Ergonomics in the workplace

February 19, 2018

Bad Posture at work can lead to neck pain

There are three components primary that address ergonomics in the workplace:
1 Task chair
2 Adjustable height monitor arm
3 Fully adjustable keyboard tray

Often when addressing ergonomics, one can go back to the old joke about the
patient at the doctor’s office. The doctor raises his left arm and asks the
patient “does it hurt when you do this?” The patient says “yes – exactly!”
Without missing a beat the doctor says “then don’t do that!”
Many ergonomic problems are caused by not having a workstation that is
correctly set up for the individual user. The personal computer is the number

one piece of office equipment that has created present day ergonomic
challenges. The typical office worker spends over half of their time in front of
a computer screen. Repetitive motions can cause stress and strain to many
body components; eyes, neck, wrists, lower and upper back to name several.
Ergonomics brings many of these factors into balance. The idea is to have all
these physiological components in neutral positions.
TASK CHAIR. Proper ergonomics all start with the task chair. The task chair
is the most important component of ergonomics. It should be completely
adjustable so the user is sitting in a comfortable and neutral position. Feet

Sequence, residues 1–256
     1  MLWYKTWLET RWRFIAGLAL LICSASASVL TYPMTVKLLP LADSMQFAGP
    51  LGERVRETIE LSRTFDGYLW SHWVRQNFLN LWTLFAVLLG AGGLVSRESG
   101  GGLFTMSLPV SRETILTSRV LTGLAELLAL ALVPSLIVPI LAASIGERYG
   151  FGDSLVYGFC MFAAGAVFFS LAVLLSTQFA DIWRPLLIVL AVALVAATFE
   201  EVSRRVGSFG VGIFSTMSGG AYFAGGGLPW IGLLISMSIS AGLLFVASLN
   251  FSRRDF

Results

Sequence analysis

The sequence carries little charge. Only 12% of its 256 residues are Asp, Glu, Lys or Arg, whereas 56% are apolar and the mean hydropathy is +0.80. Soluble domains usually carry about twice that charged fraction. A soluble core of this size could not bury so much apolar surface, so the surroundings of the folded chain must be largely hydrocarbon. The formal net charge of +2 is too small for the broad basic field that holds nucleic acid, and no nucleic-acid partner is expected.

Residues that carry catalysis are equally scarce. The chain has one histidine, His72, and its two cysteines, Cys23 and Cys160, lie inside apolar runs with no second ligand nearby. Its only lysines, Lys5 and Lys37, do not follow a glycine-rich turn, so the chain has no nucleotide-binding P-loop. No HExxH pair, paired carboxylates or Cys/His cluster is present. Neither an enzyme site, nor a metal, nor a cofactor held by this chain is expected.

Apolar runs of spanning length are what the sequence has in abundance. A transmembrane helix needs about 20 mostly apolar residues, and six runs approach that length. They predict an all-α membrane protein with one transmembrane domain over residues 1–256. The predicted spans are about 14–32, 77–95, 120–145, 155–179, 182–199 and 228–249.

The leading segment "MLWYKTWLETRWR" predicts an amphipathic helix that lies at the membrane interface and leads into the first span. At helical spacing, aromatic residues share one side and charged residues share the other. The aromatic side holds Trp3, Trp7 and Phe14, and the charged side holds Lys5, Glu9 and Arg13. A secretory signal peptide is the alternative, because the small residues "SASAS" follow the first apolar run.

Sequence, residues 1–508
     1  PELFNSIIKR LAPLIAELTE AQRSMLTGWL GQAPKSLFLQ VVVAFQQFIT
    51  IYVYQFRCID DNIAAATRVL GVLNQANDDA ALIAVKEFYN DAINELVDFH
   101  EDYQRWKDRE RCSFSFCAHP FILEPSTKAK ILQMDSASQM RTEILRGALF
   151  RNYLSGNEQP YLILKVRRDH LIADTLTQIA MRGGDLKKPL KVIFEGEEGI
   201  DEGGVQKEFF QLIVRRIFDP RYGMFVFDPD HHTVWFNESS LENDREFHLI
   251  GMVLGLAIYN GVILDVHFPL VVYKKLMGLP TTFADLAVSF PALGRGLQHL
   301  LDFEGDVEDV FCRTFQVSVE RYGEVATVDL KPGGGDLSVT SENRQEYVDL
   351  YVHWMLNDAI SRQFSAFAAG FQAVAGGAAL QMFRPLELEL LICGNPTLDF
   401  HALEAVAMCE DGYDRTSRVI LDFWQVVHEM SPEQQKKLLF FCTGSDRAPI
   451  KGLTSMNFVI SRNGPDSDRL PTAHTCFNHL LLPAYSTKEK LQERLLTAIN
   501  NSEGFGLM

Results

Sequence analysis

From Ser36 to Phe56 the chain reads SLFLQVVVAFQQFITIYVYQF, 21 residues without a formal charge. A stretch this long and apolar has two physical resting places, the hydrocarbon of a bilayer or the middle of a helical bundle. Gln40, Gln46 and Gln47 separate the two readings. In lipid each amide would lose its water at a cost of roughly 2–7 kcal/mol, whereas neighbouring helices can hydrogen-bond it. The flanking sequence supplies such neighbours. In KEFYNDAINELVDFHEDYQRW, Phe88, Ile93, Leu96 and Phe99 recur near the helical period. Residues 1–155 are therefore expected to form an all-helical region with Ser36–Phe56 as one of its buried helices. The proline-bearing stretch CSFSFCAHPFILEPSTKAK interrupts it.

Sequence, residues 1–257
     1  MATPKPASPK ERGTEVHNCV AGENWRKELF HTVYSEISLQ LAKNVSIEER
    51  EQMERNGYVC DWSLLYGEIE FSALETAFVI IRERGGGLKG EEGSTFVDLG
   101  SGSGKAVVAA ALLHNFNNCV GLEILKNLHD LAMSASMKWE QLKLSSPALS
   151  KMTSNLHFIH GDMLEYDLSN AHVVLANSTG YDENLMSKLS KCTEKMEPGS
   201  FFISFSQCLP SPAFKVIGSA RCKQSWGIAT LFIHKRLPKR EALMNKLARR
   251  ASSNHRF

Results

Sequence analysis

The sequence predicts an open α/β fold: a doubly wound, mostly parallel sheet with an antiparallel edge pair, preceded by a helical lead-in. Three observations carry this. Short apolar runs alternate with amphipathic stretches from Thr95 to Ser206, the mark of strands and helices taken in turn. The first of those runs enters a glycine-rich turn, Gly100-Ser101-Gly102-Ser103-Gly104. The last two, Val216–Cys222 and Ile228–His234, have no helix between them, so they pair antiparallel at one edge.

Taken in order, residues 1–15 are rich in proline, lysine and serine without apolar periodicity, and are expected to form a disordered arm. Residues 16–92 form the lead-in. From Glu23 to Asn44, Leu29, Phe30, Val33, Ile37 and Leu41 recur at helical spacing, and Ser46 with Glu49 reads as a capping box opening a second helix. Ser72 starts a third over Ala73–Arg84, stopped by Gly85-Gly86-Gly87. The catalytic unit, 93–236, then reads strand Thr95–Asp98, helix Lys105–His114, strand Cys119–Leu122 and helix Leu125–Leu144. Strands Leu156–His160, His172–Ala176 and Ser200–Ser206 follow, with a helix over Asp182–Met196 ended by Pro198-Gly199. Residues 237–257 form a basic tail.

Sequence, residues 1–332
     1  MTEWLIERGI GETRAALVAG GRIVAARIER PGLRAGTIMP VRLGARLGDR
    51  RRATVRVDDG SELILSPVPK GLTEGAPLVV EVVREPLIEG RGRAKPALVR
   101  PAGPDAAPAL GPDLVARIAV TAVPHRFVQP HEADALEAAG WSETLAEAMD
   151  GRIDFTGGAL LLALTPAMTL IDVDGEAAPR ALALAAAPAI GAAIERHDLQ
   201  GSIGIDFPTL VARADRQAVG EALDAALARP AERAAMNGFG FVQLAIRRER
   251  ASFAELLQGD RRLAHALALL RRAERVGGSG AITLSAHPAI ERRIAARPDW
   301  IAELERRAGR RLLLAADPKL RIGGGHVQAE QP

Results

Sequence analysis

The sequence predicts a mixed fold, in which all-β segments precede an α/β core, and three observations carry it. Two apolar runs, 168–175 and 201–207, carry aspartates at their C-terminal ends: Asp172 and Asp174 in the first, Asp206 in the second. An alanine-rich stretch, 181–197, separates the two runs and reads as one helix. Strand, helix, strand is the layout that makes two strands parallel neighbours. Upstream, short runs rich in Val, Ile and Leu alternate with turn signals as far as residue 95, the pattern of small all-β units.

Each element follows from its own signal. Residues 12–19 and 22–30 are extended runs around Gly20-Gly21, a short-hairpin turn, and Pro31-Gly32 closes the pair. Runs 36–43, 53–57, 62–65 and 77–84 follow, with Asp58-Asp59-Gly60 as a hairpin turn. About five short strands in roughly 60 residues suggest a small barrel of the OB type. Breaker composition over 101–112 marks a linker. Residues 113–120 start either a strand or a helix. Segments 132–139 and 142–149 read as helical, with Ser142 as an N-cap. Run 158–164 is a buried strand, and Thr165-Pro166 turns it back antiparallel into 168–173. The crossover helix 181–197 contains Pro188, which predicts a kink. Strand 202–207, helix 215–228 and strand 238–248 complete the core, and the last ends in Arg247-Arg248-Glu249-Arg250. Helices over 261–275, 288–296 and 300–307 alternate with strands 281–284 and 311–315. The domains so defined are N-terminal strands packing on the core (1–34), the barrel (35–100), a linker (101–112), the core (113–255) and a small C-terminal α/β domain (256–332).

should be positioned flat on the floor. The back height and tilt angle should be
adjusted so there is ample lumbar support for the lower back. Adjustable
arms should be in a position that support the forearms so they are parallel to
the ground or at a slightly negative tilt relative to the keyboard tray. The
wrist positions should then follow suit to the negative tilt of the forearms. The
user should now be sitting in an upright and neutral position
(Remember when Mom always told you to “sit up straight” at the dinner
table? As always, Mom was right).
The other ergonomic components should then be adjusted around the neutral
sitting position of the user.
The MONITOR ARM should be adjusted at a height and angle that keep head
and eye movement to a minimum. The user should be able to look straight
ahead or slightly downward to view the monitor; this ensures the maximum
support of the head and reduces eye strain and neck strain.
The KEYBOARD TRAY should then be adjusted around this neutral sitting
position as well. In most cases, the keyboard position should below the work
surface height and almost in the lap of the user. It should also have a tilt
feature so it can be set in a slightly negative tilt; again, an extension of the
neutral forearm and hand positions of the user from their original task chair

So, for a quick review of ergonomics 1001,
1 Adjust the task chair and be sure you are sitting flat footed and in a neutral
2 Adjust both the monitor height and tilt to minimize eye and neck strain.
3 Adjust the articulating keyboard tray to minimize wrist and arm strain.

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